It's tempting to say that this is one for the kids. But honestly, who doesn't have fun recollections of the toys they played with in their youth? Seeing some of your favorite childhood toys as exhibits behind glass may make you feel old, but will also bring back nostalgic memories of your own childhood. Plus, at Brighton Toy and Model Museum, you'll get to see toys and games that go much further back than your own childhood.
Located close to Brighton train station, this entertaining museum has one of the best collections of model trains you'll see anywhere, with some of the exhibits dating back to the 1860s. However, most of the museum's exhibits are dedicated to the early 20th century. There are over 10,000 toys collected here, so you're bound to run into old favorites as well as new surprises as you explore the history of play.
Just outside Brighton itself, the impressive 19th-century fortress of Newhaven is a must-visit for fans of military history. Built to defend the coast during the 19th century, this was the biggest defense facility ever built in Sussex. The fort was maintained and strengthened during both world wars when the threat of invasion of Britain seemed imminent, but fortunately, the fort was never called upon to defend against German attack. As a result, it remains incredibly well-preserved, and exploring the towers and tunnels of this imposing fortress is a great way to spend a day in Brighton. The on-site museum explains more about how the fort was built and used and what life was like for the soldiers stationed here. It's a great way to learn more about local history and appreciate how different the world could have been.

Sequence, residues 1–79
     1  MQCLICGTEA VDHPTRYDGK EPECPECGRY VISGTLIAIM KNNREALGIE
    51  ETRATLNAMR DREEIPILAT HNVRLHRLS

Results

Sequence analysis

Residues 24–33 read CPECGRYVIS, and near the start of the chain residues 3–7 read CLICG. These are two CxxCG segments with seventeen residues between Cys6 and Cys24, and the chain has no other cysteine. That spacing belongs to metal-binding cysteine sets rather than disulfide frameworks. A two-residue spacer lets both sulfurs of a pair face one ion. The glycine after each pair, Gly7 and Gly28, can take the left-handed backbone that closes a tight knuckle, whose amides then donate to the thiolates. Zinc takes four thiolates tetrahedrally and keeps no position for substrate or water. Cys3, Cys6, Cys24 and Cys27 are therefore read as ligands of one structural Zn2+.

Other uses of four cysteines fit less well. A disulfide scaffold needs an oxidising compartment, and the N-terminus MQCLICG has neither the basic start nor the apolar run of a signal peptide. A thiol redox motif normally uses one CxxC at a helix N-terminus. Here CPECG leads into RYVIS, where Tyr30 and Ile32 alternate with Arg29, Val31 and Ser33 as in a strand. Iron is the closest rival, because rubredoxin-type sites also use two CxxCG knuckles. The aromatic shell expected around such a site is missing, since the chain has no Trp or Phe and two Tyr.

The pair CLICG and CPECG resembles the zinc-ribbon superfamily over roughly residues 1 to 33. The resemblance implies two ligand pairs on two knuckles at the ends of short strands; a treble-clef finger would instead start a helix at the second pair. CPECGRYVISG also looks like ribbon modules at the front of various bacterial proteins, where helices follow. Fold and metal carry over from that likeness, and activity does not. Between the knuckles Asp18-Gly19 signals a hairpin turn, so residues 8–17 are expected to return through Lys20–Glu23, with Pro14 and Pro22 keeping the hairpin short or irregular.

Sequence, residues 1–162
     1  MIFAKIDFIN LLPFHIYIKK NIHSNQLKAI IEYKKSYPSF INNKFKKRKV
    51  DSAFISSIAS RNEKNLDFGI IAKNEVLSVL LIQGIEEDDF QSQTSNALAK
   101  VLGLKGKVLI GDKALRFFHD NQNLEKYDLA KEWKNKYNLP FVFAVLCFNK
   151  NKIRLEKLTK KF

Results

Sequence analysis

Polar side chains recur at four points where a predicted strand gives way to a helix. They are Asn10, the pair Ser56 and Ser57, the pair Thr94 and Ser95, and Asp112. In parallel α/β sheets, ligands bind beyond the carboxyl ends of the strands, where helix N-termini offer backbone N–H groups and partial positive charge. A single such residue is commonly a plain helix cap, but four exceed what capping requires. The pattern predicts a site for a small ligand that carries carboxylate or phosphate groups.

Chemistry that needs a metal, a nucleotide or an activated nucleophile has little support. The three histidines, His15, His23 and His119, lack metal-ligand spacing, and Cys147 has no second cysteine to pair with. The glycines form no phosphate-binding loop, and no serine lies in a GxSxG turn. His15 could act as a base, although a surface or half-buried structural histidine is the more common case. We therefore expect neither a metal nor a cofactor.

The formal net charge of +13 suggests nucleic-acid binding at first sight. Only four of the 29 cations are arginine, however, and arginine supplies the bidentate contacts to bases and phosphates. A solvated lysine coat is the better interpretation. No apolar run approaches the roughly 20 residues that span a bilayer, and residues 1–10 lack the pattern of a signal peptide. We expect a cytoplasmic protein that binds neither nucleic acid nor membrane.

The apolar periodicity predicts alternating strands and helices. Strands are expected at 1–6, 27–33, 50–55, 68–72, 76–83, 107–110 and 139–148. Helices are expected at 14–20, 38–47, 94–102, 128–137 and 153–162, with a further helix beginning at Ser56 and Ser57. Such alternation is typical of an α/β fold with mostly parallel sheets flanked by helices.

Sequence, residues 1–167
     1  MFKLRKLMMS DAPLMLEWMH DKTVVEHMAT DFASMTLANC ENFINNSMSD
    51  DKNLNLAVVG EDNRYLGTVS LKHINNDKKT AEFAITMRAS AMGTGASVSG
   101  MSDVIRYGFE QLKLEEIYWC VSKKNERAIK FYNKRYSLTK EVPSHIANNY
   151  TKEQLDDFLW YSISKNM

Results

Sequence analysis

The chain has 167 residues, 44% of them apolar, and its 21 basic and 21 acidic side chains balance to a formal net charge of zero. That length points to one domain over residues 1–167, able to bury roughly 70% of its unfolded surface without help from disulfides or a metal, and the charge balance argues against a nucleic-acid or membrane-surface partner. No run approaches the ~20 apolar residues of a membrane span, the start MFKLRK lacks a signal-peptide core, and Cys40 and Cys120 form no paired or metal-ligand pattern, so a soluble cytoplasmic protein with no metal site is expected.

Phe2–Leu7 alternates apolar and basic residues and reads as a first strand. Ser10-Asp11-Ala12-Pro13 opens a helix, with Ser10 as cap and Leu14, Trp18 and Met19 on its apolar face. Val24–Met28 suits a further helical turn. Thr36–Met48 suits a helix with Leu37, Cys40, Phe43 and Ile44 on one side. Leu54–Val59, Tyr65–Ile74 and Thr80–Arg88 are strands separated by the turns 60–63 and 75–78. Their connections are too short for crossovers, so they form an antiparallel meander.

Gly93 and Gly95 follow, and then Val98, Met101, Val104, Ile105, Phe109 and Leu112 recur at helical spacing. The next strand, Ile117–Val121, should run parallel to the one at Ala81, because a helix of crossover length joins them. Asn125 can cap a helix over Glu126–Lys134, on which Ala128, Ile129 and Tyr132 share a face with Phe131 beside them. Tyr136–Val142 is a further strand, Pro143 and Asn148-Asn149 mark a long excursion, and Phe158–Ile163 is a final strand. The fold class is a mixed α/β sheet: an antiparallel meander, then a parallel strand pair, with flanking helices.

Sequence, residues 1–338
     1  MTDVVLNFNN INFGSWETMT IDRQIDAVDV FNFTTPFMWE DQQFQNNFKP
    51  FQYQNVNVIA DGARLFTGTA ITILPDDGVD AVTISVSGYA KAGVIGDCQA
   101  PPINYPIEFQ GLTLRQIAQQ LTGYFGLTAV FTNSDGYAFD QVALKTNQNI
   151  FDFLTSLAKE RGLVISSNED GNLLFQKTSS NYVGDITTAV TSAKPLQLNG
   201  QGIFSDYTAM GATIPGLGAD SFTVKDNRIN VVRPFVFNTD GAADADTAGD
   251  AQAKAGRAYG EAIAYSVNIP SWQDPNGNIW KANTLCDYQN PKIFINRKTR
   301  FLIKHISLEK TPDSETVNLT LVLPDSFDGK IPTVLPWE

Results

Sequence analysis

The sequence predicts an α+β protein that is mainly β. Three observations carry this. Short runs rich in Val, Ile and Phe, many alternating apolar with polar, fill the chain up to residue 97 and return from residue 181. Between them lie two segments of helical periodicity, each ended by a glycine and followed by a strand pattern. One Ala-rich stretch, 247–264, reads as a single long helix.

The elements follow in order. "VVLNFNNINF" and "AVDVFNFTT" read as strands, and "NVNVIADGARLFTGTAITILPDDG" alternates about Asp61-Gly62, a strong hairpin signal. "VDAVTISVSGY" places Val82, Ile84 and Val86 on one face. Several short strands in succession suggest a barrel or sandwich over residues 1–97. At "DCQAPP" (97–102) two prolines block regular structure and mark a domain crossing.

Brighton has long had a countercultural vibe that has seen it become the LGBT capital of the UK. In a city like this, the quirky is often embraced more than in less progressive towns. Anna's Museum is probably the most unusual museum in Brighton, and is a unique tribute to the eccentric side of the city.
Located in a shop window in the center of Brighton, Anna's Museum is the work of a local woman who has made it her mission to collect and display natural history exhibits from in and around town. Taxidermied animals and skulls are displayed alongside handmade puppets and other curiosities, all of them carefully posed and hand-labeled for maximum effect. You may not learn a great deal from visiting this museum, but you can't help but be intrigued by the mind that put it all together.